41:41
regulations and they’re having a lot of
41:42
the same issues around misinformation
41:44
and coming up on
41:45
on various political elections that are
41:47
are critical to
41:48
to those countries so uh he comment from
41:52
bruce celery says crazy to think that
41:53
yesterday’s disruptors are today’s
41:55
monopolies but that’s exactly right
41:57
it was a great point sophia
42:00
yes that is the situation and you know
42:03
it’s uh
42:04
when i think about brazil and the united
42:06
states and other places
42:07
around the world you know the uk um and
42:10
the disruption to kind of the way
42:13
democracy works and
42:14
in all of our countries um
42:18
you know people thought that when the
42:20
cambridge analytica
42:22
um i mean i wouldn’t even call it a
42:25
scandal because it’s just like the
42:27
the business operations of cambridge
42:30
analytica
42:31
when that came to the fore people were
42:33
you know like stunned
42:35
and i thought i remember first reading
42:37
about cambridge analytica before it
42:39
became a big story
42:40
and i remember kind of watching them and
42:44
i was like the whole internet is
42:46
cambridge analytica
42:49
internet is brokering and selling
42:52
and making data profiles about us and
42:54
micro targeting
42:56
us and making digital profiles about us
42:59
that we’ll never know about
43:00
we’ll never be able to see that we can’t
43:02
intervene upon and that are
43:04
um making again opportunities and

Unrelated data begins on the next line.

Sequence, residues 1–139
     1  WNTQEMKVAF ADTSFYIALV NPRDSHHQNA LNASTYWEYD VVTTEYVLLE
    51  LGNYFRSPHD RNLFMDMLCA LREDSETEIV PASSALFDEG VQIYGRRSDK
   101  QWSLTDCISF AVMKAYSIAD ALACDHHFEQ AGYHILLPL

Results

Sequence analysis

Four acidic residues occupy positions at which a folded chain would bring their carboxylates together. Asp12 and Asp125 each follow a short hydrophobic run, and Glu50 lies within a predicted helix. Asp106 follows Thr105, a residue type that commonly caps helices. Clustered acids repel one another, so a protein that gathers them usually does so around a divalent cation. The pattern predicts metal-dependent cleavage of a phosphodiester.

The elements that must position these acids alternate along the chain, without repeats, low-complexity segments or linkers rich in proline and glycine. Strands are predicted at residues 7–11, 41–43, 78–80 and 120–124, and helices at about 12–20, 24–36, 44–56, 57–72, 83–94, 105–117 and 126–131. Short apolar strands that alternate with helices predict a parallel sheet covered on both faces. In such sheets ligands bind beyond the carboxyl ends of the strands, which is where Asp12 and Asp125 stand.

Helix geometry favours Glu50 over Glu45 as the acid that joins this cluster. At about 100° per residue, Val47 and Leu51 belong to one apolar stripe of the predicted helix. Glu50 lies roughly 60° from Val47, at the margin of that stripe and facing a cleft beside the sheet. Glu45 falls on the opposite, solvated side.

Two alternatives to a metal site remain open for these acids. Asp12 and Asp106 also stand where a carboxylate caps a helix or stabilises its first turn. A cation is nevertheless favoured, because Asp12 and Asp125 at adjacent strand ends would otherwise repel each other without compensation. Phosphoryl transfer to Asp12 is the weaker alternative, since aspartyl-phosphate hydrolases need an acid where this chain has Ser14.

43:07
foreclosing others
43:09
and this is where you know shashana
43:11
zuboff’s you know book the age of
43:12
surveillance capitalism
43:14
is so um important you know i always
43:16
thought if my that my book might be a
43:17
book that you shouldn’t read at night
43:19
before you go to bed because it might
43:20
give you nightmares but then i read
43:21
shawna’s book and i was like well
43:23
well well wow that category
43:28
and you know again the thing that i
43:30
would add to
43:31
her critiques about how these predictive
43:34
technologies
43:35
are so um opaque and embedded in in
43:39
every move all the way down to like
43:41
you know our ovulation uh you know
43:45
tracking our ovulation tracking you know
43:48
every pimple
43:48
i don’t know tracking every question you
43:50
answer right or wrong in the learning
43:52
management system when you’re
43:54
nine years old in the fourth grade um
43:56
and and what those will
43:58
amount to is really really um
44:00
frightening but then when you overlay to
44:02
me
44:03
the racialized and gendered power
44:06
systems in our society and you know then
44:08
that this will have
44:10
far more severe consequence for people
44:13
who are already poor
44:14
who are already marginalized who are
44:16
already living um
44:18
you know under uh you know uh threats of
44:21
civil and human rights
44:22
just by virtue of who they are in the
44:25
world
44:26
um then i think you know to me there’s
44:28
nothing more interesting to talk about
44:30
and to to work on and um
44:33
and of course this includes working with
44:36
artists
44:37
and people like you and you know smart
44:39
people just to have these conversations
44:41
i mean these are the kinds of
44:42
conversations everybody should be able
44:44
to have
44:45
at the dinner table um because they
44:47
really affect all of us
44:48
uh you know imagine what it’s like for
44:50
your your four-year-old
44:52
whose life is being documented on the
44:54
web in every possible way
44:56
and you know that you’re unknowingly
44:58
creating digital profile for that child
45:01
you know imagine what it’s like that you
45:04
will inherit
45:05
the digital legacy of your family
45:06
members and that that will
45:08
affect your ability to get a mortgage or
45:10
go to college or
45:11
or do things that you want to do in the
45:13
world because somebody in your social
45:14
network
45:15
said something against the government